A 16 year old post-operative, asymptomatic boy was undergoing cardiovascular evaluation. The patient had undergone arterial switch operation at 4 months of life for transposition of the great arteries, ventricular septal defect, and pulmonary hypertension and was discharged without any problem. Following the arterial switch operation, he had been followed up with no symptoms until when an echocardiographic examination at 5 years of age revealed mild-to-moderate aortic valve insufficiency and a flow disturbance in the interventricular septum. Cardiac catheterization and angiography demonstrated that the left circumflex artery was arising from the right coronary artery and the left anterior descending coronary artery from the pulmonary artery which accompanied abundant intramyocardial collaterals [Figure 1] and [Figure 2]. When we reviewed the details of surgery, we noticed that the single coronary artery was transported to the neoaortic root, whereas the small conal artery was not transported because of technical difficulty (possibly this was the left anterior descending artery). The child was reevaluated at 15 years of age, after an irregular follow-up period, during which he had no symptoms. His electrocardiogram was normal, with no change in the ST-T segment. We performed thallium scintigraphy which revealed no myocardial ischemia. Repeat coronary angiography revealed mild-to-moderate aortic valve insufficiency and stenosis of the pulmonary bifurcation similar to the previous examination. Because of the high risk of sudden death, surgical intervention was planned.{Figure 1}{Figure 2}

 Discussion



Coronary events after arterial switch operation are not uncommon and may cause late death; patients should be followed up and screened at regular periods. Conventional angiography and multislice computed tomography should be widely performed in this patient group. [3],[4] Imperfect or incomplete transfer of the coronary arteries to the neoaorta is related with severe ischemic changes and acute or subacute cardiac failure. Our patient, in spite of incomplete transfer of coronary artery, was asymptomatic due to the development of intramyocardial collaterals originating from the aortic region leading to retrograde perfusion and steal into the neopulmonary region.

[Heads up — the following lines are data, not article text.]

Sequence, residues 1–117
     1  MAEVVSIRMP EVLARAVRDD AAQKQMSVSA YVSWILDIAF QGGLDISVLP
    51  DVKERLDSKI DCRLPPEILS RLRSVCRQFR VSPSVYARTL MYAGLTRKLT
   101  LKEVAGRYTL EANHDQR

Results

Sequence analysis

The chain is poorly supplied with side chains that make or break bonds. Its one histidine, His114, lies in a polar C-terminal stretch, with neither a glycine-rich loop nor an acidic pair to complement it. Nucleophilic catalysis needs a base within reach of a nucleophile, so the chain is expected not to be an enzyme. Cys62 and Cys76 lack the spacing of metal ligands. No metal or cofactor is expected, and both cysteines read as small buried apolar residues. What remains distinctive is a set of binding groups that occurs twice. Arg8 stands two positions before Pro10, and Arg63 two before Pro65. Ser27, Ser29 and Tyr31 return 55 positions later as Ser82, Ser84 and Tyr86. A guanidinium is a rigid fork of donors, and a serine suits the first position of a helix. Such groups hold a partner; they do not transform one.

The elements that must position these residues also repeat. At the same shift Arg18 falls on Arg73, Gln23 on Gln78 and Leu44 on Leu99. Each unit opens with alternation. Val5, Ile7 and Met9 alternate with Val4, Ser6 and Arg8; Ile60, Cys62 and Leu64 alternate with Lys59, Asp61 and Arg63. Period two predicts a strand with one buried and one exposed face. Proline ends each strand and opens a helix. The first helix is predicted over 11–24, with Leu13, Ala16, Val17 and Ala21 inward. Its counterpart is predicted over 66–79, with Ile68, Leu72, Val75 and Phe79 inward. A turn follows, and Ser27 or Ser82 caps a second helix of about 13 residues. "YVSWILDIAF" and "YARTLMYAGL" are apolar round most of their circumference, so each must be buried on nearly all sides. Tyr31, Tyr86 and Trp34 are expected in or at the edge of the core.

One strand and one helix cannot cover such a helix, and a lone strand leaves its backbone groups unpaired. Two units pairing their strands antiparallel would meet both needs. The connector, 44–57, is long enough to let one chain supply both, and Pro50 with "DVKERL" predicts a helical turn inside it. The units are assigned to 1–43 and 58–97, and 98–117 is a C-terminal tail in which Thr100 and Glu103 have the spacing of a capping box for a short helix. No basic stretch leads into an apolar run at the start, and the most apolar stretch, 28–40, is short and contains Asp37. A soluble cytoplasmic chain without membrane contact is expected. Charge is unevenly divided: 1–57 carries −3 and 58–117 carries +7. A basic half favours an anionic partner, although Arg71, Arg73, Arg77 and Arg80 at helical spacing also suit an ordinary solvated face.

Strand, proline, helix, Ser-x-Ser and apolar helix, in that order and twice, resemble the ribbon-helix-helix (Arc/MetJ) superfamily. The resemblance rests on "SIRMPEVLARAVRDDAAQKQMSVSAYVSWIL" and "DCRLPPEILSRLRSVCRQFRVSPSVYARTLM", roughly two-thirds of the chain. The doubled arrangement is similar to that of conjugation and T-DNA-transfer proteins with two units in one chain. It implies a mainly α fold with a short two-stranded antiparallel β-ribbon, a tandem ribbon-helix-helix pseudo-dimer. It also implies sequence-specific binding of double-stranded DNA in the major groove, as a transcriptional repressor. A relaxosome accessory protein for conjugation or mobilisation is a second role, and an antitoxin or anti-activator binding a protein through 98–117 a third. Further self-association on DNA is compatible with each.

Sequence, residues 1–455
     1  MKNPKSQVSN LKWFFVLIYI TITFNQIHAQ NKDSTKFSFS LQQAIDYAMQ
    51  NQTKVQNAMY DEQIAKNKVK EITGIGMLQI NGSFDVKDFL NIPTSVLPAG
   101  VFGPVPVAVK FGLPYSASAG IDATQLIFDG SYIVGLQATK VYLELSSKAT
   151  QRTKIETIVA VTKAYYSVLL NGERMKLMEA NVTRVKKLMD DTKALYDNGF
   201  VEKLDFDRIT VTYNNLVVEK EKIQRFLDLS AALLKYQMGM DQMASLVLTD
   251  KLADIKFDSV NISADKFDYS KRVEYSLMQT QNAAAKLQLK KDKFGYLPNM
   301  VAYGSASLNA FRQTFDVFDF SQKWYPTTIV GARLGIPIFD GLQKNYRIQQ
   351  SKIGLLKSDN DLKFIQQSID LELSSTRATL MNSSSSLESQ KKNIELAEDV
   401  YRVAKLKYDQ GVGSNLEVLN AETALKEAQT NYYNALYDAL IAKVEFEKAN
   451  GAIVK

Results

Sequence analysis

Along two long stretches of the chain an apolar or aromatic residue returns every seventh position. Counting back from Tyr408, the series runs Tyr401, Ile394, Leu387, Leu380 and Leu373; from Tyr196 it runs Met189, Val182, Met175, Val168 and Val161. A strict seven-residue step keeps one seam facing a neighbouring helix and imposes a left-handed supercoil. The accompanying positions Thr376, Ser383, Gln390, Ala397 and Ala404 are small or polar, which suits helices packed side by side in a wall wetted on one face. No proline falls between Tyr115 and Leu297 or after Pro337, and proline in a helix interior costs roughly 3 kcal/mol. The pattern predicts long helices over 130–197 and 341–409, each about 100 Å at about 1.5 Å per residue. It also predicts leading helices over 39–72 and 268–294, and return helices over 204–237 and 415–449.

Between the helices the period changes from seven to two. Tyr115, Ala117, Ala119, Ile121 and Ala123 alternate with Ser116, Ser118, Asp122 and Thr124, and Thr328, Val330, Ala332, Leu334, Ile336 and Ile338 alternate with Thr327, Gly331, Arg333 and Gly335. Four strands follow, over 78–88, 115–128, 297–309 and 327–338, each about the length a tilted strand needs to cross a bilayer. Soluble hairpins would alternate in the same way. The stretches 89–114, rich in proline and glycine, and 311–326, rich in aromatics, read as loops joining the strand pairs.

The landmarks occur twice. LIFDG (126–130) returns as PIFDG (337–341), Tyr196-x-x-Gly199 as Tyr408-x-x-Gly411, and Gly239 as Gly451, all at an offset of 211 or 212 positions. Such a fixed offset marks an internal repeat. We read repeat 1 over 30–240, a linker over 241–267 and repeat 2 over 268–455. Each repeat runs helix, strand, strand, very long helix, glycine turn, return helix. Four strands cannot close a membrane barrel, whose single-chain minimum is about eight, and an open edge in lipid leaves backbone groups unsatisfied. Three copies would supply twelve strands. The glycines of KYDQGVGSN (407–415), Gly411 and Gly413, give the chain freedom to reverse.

Anomalous origin of the left anterior descending artery from the pulmonary artery is very rare. There are several reports on the isolated left anterior descending artery originating from the pulmonary artery, but to our knowledge this is the first case report associated with arterial switch operation. The anomaly is usually found in adulthood, and may be clinically asymptomatic due to adequate collateral circulation or symptomatic secondary to myocardial ischemia. [4],[5] Isolated left anterior descending arterial anomalies from the pulmonary artery require surgical treatment because of the sudden death risks. [6] However, treatment options for asymptomatic patients are unclear because of the rarity. Possible surgical treatment options might include ligation of the LAD artery ostium and performing aortocoronary bypass graft or transferred LAD (without tension) back to the neoaorta. [7]

We learn from this case that patients with the transposition of the great arteries who underwent arterial switch operation should be evaluated carefully for any acquired coronary anomalies associated with arterial switch operation. The anomalous origin of the left anterior descending artery from the pulmonary artery may potentially lead to sudden death which warrants consideration of the surgical correction in high-risk subjects.